Recipes & Curiosities



Of all the legends that tell the origin of coffee, the most striking is perhaps that of the Kaldi Ethiopian shepherd, who observed his goats chewing berries and leaves of a Coffea plant. The unusual energy and vivacity of the herd convinced the pastor to taste the red berries. Little by little the custom spread and began to prepare an infusion with abrasive and grinded seeds.

The drink was named Kahwa and then Kahve. However it was born, the custom of preparing an energy drink with Coffea berries spread from Ethiopia to Yemen, from Egypt to Damascus, and then to Istanbul.
Coffee in Europe began to circulate only in the sixteenth century, until it became popular in the 17th century with the birth and spread of “coffee houses”. Subsequently, the use of machines for making coffee at home began to spread. Coffee spread throughout all social classes, becoming the daily rite that still permeates our culture and our eating habits. Today, Italy is the undisputed world leader of import-export and official ambassador of the “philosophy” of the press.

Jamaican coffee is, in its turn, a perfect expression of this Italian excellence, with its wisdom in roasting and creating unique and precious blends.

The main coffee consumers in the world

The per-capita consumption of coffee is about 4.5 pounds of grain per year, but it is an average value: there are important differences depending on the geographical area to which reference is made. For example, in the US, the average annual is 4.2. The countries that record the highest consumption are those in Northern Europe: at the top of the ranking there is Finland, with a consumption of 12 kg per capita per year; Followed by Norway (9.9), Iceland (9), Denmark (8.7), Netherlands (8.4) and Sweden (8.2). The first non-European country on the list is Canada, the ninth with a consumption of 6.5kg per year.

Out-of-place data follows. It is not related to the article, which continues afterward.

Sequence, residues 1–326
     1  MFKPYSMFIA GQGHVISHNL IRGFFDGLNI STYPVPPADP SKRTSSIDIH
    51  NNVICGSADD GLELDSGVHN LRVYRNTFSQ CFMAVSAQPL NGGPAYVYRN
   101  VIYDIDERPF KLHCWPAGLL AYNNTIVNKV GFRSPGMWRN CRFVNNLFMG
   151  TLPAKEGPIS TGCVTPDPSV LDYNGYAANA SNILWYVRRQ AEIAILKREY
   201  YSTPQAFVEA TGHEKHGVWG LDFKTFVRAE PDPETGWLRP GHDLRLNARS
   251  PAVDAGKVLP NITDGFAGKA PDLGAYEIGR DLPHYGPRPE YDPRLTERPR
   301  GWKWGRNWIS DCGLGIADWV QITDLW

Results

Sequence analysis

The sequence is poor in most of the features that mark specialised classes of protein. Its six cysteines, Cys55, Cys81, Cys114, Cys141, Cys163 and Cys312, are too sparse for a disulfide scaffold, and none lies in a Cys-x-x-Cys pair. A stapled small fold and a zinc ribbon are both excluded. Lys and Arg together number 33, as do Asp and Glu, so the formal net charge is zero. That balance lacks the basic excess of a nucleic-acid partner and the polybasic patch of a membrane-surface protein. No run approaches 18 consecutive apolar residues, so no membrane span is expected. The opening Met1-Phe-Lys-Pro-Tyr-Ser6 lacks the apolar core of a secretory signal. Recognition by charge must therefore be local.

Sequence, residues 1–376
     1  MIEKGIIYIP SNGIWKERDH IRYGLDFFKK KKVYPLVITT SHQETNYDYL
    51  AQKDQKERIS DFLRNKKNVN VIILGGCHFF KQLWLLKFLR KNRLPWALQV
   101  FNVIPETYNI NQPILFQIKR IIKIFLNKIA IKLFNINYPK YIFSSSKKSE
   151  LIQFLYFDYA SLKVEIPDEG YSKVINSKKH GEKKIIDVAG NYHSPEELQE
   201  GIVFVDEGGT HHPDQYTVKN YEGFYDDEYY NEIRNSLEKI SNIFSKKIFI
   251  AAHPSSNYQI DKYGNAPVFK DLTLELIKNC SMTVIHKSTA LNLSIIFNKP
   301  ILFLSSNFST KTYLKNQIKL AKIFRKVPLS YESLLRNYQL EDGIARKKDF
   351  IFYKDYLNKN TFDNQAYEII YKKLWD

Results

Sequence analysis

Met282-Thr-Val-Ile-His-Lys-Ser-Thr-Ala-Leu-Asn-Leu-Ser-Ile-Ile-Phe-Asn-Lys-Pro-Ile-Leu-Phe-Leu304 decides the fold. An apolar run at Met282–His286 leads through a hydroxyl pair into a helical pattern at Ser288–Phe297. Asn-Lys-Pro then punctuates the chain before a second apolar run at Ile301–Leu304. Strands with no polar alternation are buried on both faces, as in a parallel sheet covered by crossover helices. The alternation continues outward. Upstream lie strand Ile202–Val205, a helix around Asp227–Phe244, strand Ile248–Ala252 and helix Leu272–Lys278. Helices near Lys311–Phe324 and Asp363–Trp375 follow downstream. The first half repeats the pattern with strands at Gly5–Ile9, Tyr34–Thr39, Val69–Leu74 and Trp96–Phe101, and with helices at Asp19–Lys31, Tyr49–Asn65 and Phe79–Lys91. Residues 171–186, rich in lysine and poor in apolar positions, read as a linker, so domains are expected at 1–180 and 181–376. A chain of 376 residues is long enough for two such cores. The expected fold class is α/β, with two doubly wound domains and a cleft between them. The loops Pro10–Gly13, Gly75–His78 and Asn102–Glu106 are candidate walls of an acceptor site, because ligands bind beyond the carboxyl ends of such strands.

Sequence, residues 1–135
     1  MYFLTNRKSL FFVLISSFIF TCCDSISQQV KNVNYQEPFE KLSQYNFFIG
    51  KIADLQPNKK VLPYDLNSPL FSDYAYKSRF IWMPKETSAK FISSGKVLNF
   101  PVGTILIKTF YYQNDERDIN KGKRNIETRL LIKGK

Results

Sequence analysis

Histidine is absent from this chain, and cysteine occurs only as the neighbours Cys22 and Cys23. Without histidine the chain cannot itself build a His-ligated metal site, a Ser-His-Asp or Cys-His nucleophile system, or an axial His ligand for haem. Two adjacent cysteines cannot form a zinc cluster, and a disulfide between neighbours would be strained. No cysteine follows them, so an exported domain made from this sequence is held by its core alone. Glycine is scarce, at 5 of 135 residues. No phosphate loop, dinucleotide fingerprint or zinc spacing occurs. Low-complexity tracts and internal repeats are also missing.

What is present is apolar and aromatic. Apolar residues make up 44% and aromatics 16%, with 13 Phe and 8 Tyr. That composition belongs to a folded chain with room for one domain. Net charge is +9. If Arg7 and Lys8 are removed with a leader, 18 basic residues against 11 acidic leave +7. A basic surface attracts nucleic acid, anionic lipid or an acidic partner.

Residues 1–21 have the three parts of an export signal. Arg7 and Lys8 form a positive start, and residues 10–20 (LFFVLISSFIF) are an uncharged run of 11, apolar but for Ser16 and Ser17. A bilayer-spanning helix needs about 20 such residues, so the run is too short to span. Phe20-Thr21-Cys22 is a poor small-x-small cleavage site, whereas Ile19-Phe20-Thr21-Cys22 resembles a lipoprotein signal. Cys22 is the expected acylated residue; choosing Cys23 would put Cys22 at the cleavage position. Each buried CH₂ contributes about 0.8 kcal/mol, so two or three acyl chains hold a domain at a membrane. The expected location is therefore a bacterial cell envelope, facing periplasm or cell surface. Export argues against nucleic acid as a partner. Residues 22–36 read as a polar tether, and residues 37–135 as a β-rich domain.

Italy is in thirteenth position with a consumption of 5.9 kg. This seemingly low value in comparison to other countries can be explained by the different habits associated with the use of coffee: in Italy, as is well known, the espresso ritual is particularly popular for breakfast and after lunch, while in Northern Europe Tends to consume long coffee, which is drunk more frequently during the day.

Worldwide Offering a Caffe’ is equivalent to a sign of friendship.

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Which sauce for the grill you choose?   Summer, joyful season with the sun and the longest days, you will rediscover the pleasure of organizing fantastic grilling in the open air with your friends. You do not need to have an immense garden and a super-equipped place to cook on the grill, even a small terrace and a portable barbecue can give you great culinary delights. The important thing is to choose good quality meat or fish coupled with the best sauces to accompany your favorite dishes.


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CONDIMENTS, SEASONINGS ,SAUCES  that are good with meat, fish and even vegetables

If you love spicy appetizers with all kinds of beef

Special dressing that enhances the taste of grilled pork

If you like delicious meats like lamb to grilled, and you want a sauce to match

Or to give your barbecue a very spicy and oriental flavor the best choice

And what do you like about barbecue sauces?
Have you already decided what to buy?

For sure, you see a lot between the shelves of the supermarket, they are all tastes, but the great home-made barbecue sauces with local ingredients bought from the origin other than making you a fantastic  WOW moment with your friends, will save you and be more Sure of what you are eating.

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It is an excellent dietary staple and carbohydrates are the main source of energy with low levels of protein and fat and a moderate glycemic index. It is a good source of dietary fiber, potassium, calcium, and magnesium with small amounts of thiamin, riboflavin, niacin and iron. 100 @ Natural. GLUTEN FREE.

         One of natures most nutritious foods!